Cambodia Bridge stampede tragedy 339 people death
Cambodia has declared a national day of mourning after more than 300 people were killed and hundreds more injured in a stampede at a festival crammed with millions of people. The government has order...
Cambodia has declared a national day of mourning after more than 300 people were killed and hundreds more injured in a stampede at a festival crammed with millions of people.
The government has ordered an investigation into the deadly crush on a bridge in the capital, Phnom Penh, where revellers were attending the last day of an annual waterfront festival. Cambodian prime minister Hun Sen has called the stampede the country's biggest tragedy since the Khmer Rouge reign of terror in the 1970s. A big crowd watching the water festival panicked when a number of people were apparently electrocuted on the bridge.
Authorities say the dead were either crushed in the resulting stampede or drowned when they fell or jumped into the river. Radio Australia's Robert Carmichael says it is still unclear what caused the stampede. "The eyewitnesses I spoke to told me that people had fainted and that caused the panic, but if you were electrocuted, then you would drop to the ground and there could be some overlap," he said. He said another eyewitness told him crash barriers also contributed to the stampede. "Another vendor on the other side, on the mainland side, told me that the crash barriers set up were in place and that prevented people from spilling onto the road," he said. "But there were so many people coming over the bridge and that meant there was a jam and people couldn't move forward or backward - and that was when the stampede happened."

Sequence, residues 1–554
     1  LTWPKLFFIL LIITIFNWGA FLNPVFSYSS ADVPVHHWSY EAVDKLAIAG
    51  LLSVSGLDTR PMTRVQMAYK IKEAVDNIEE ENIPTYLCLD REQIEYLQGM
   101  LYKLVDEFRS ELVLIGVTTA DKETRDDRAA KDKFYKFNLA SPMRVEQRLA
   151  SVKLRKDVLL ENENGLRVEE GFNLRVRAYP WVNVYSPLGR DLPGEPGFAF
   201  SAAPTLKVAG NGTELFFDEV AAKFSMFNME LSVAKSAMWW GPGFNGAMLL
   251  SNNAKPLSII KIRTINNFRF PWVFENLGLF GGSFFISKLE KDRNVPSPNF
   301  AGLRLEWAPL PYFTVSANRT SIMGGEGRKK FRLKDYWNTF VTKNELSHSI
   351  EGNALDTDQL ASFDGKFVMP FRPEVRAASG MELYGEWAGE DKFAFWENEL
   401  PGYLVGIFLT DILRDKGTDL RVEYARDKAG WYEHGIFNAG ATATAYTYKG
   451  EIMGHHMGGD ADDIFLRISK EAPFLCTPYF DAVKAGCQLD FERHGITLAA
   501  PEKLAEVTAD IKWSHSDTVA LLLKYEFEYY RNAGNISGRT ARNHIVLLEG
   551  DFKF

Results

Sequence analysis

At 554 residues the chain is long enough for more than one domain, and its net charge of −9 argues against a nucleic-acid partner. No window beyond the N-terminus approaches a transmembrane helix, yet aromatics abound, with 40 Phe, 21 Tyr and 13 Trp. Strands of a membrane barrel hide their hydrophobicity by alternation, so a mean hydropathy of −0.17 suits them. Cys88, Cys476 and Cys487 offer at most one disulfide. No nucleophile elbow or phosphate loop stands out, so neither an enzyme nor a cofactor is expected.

Phnom Penh resident Sean Ngu could hear the festivities on the river front and heard the tone of the crowd suddenly change just before midnight. "At about 11pm we heard celebrations, people were cheering and it went from that to screaming and panicking," he said. "Screams, the funny screams. it brings goose bumps onto the back of your neck basically. "So we rushed there. We see people just pushing one end, the other end pushing and then people in the middle started collapsing." Doctors at city hospitals in Phnom Penh were up all night treating the injured and trying to identify the dead.
The prime minister said at least 339 people had died and more than 300 were injured. Mr Hun said it was not immediately clear what triggered the stampede, but a committee would be set up to examine the incident. The water festival attracts millions of Cambodians from the city and the countryside and can be a magnet for curious tourists. The Australian embassy in Phnom Penh says Cambodian authorities have confirmed no Australians were involved in the stampede.
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